When people identify themselves as transgender, they are told they suffer from “gender identity disorder.” Gender identity disorder is defined as “a condition in which a person has been assigned one gender, usually on the basis of their birth, but identifies as belonging to another gender, and feels significant discomfort or being unable to deal with this condition” (Thomas, 2010). One of the leading symptoms of gender identity disorder is gender
I must start out by saying that this story has brought tears to my eyes and is so incredibly disheartening. I am angry at the parents for making such, in my opinion, a terrible decision in turning their baby boy, into a girl. It breaks my heart for him in that he was never given a choice or a chance at living a normal, happy life. I am not an expert on how to fix a penis if it is burned off, but I have to believe there was a better way.
They know it will not change throughout life. Even though children begin to see the difference of male and females, children born boys may feel and identify as girls and girls may feel and identify as boys. Parents might dismiss their child’s claim as a simple phase because of the expectations they have about their sons and daughters. However it is not a phase. Gender dysphoria, also known as gender identity disorder, is a condition of feeling one’s emotional and psychological identity as male or female to be opposite to one’s biological sex. Children with gender dysphoria are affected both psychologically and sociologically; however, with the proper diagnosis and treatment parents will have the knowledge to properly bring up a child with gender dysphoria. Psychologically a child may have suicidal tendencies, be depressed, have emotional problems, and have high levels of stress and anxiety. Sociologically a child tends to be alone, tormented by peers and frightened of never being accepted by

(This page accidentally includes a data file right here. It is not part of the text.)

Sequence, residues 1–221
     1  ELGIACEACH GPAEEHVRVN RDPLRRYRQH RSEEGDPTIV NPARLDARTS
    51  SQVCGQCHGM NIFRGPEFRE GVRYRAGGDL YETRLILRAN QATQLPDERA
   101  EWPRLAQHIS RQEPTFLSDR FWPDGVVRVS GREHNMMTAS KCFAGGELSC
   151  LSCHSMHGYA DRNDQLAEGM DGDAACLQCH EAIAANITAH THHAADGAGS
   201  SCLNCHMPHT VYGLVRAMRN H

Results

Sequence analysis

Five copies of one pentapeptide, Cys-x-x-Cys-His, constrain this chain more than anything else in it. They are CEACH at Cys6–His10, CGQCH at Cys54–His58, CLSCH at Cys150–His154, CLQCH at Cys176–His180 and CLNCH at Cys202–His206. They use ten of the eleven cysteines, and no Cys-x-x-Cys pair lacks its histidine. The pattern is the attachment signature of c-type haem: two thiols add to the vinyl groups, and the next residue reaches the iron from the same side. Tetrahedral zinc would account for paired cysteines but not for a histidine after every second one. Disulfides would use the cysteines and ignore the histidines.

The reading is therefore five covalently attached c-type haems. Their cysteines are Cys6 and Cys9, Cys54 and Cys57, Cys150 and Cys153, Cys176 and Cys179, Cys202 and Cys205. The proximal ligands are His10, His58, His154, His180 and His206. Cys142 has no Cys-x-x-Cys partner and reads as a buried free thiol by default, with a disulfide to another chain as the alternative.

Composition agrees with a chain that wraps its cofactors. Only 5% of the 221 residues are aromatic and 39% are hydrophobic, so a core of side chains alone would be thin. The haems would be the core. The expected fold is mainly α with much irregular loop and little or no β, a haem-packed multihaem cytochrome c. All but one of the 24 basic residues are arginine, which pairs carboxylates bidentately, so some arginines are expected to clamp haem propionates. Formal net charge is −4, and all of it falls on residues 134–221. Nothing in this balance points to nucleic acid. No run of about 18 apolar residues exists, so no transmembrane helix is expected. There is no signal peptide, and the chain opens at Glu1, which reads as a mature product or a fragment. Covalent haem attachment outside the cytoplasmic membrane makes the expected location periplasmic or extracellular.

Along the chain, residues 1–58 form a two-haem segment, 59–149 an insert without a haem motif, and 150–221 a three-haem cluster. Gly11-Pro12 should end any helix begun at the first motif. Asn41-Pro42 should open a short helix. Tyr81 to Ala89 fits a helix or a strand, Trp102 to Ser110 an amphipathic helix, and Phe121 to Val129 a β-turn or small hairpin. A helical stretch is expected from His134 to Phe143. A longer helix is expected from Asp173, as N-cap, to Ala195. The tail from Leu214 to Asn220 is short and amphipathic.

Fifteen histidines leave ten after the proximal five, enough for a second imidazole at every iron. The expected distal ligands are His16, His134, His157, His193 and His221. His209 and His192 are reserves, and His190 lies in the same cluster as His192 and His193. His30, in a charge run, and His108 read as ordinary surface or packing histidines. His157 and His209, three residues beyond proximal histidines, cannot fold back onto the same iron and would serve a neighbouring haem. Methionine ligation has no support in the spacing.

Best Practice & Research Clinical Endocrinology & Metabolism published an article by Peggy T. Cohen-Kettenis and Daniel Klink titled Adolescents with gender dysphoria in 2015. The article discusses the increase of youth diagnosed with gender dysphoria and receiving medical treatment and possibly surgery as well. The authors stressed the importance for psychotherapy and/or family therapy. The article also discussed the factors that influence gender development psychological, social, and biological. There are not many studies on determinants of gender dysphoria, and no epidemiological studies in children younger than 15 exist at all. Although, more recently research has focused on histological and brain imagining studies on individuals diagnosed